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In the past two weeks the Anaconda Leader and The Montana Standard both carried stories about BitCoin Mining coming to the Smelter City. The story broke on December 6, 2017, when representatives of BitPower, LLC and Rick Tabish, spokesman for Premier Industries, the entity which is proposing to construct a slag reprocessing facility in Anaconda, appeared before the Anaconda School District’s Building and Grounds Committee. BitPower/Tabish told the Committee they wanted to purchase the Dwyer School for their BitCoin operation, an activity which would require eight megawatts of electricity, enough electricity to power 6,000 homes.

Bitcoin Mining is an industrial process which converts electricity into BitCoins, a cybercurrency. It does that by running mathematical algorithms through the internet to document and register BitCoin transactions. Thousands of computer servers are needed. The servers generate enormous quantities of heat which must be controlled by huge fans and cooling equipment and that equipment is incredibly noisy. People living in Bonner near a BitCoin Mine located on the site of an old sawmill likened the noise to a jet engine.

People living in Anaconda’s New Addition are at risk of having their lives disrupted by the constant noise from a BitCoin Mine in Dwyer School not to mention seeing their property values plummet.

When the BitCoin Mine was introduced to the Anaconda School Board, BitPower/Tabish indicated that the project would create 300 new jobs. That claim should be met with great skepticism.

I worked for Touch America, the telecommunications subsidiary of the Montana Power Company. I have been in data centers. There are hundreds of racks which stretch from the floor to the ceiling housing thousands of internet servers, there are miles and miles of wire, and little flashing lights everywhere. But the one thing you don’t see is people. There are very few jobs in these kinds of facilities. BitCoin mining is not a labor-intensive business. All the work is done by computers. A few techs are needed to keep the machines operational and a few programmers may be on staff principally to put protective patches on the software to keep the hackers at bay, but not many.

Last June there was a newspaper article about the Bonner BitCoin Mine. It said the facility was going to increase in size from 12,000 servers to 55,000 and add 65 jobs bringing the total up to 80 personnel. If you divide 55,000 servers by 80 employees, you get 687.5 servers per employee.

With an eight megawatt electrical load proposed for Dwyer School and considering the need for lighting and cooling equipment, it would probably be difficult to install more than 20,000 servers. So, divide 20,000 servers by 687.5 servers per employee and you get 29 jobs, which is less than 10% of what BitPower represented.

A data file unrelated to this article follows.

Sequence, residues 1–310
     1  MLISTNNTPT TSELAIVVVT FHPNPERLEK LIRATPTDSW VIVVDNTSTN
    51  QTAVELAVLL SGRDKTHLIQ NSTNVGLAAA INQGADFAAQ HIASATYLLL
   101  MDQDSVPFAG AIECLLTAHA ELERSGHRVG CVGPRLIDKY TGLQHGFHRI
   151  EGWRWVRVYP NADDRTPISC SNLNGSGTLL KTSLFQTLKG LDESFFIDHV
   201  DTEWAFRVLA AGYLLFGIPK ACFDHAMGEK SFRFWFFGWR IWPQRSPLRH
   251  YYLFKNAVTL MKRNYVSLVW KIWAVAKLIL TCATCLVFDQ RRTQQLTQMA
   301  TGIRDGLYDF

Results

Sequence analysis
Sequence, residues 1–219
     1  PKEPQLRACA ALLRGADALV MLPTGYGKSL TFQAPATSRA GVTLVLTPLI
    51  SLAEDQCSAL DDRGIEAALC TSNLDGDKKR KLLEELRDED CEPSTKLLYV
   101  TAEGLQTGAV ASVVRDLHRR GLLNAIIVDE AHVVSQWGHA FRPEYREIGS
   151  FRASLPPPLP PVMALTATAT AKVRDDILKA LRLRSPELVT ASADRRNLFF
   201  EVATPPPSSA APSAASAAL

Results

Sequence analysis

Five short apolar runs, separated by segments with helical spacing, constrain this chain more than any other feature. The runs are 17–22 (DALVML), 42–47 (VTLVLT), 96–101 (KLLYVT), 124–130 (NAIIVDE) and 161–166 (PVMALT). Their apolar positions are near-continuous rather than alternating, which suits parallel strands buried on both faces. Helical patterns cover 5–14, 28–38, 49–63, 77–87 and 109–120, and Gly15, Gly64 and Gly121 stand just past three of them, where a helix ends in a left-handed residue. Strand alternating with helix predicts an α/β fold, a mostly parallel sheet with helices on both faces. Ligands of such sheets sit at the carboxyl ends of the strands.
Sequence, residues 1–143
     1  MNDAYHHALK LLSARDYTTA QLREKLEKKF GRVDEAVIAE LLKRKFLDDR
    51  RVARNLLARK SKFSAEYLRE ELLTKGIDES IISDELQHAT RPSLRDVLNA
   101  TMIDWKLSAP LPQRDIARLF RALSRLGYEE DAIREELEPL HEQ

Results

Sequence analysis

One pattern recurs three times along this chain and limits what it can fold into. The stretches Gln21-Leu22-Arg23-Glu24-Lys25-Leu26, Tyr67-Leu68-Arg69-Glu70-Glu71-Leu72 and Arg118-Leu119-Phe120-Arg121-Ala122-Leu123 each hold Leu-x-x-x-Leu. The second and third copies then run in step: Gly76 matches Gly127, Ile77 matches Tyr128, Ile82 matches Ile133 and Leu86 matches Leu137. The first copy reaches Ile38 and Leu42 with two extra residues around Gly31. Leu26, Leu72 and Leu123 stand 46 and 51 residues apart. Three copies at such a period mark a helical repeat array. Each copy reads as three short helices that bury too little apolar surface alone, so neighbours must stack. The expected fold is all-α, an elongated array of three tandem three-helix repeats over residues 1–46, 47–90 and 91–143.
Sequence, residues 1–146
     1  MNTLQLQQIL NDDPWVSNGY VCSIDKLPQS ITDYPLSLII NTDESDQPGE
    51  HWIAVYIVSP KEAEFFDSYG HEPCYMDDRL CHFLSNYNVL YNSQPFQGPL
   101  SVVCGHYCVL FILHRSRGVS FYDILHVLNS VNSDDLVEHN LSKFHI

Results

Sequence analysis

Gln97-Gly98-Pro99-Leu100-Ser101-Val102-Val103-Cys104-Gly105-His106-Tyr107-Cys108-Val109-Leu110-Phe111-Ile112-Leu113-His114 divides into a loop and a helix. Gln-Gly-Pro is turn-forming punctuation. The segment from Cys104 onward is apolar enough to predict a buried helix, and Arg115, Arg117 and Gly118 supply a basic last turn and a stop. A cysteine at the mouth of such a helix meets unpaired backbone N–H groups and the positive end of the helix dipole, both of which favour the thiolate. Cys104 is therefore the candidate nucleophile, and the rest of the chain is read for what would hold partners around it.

For those who believe that Anaconda is going to get 300 new jobs from BitCoin mining, re-reading the December 6th article in the Leader in instructive. The story said:

BitPower will “purchase W.K. Dwyer … for use as a training facility and corporate office for a workforce of 300.”

There is nothing in the article which says that the workforce would actually be in Anaconda. In an era where people telecommute to work, the workforce could be spread all over the country, sitting down at a computer terminal, and logging into hardware located in Anaconda.

On Tuesday, December 19th, the Anaconda School Board held a special meeting to accept public comment on the proposed Buy/Sell Agreement with Bit Power/Tabish. The meeting was a sham. The Board had its mind made up before it walked into the room. Witnesses were limited to two minutes of testimony. Only three testified. The contract was approved without consideration for the people living near Dwyer School. The meeting was over in less than 15 minutes.

The real tragedy of the Board’s decision is that it abandoned the people living on the west end of Anaconda. The Board had the power to put language into the contract which could have eliminated the threat of noise pollution from the Dwyer facility but, it did nothing.

Is BitCoin Mining is going to be a real “boon” to Anaconda? Not likely. Will it be a travesty? If the action of the Anaconda School Board last Tuesday is any indication, the answer is an unqualified YES.

-- John S. Fitzpatrick, of Georgetown Lake and Helena, is an Anaconda native. He holds a bachelor's degree from the University of Montana, and a master's degree and doctorate degree from Ohio State University. He worked on the team that did permitting for Colstrip Units 3 and 4, and the 500KV transmission line. He was deputy budget director for state of Montana under Gov. Tom Judge, and then established a consulting business. He has worked in the mining industry, and also permitted coal mines, metal mines, electric transmission lines and subdivisions. He was responsible for permitting the David Gates Generating Station at Mill Creek, near Anaconda; Beal Mountain Mine near Fairmont; and Montana Tunnels and Basin Creek in Jefferson County. He also has extensive experience with legislation.


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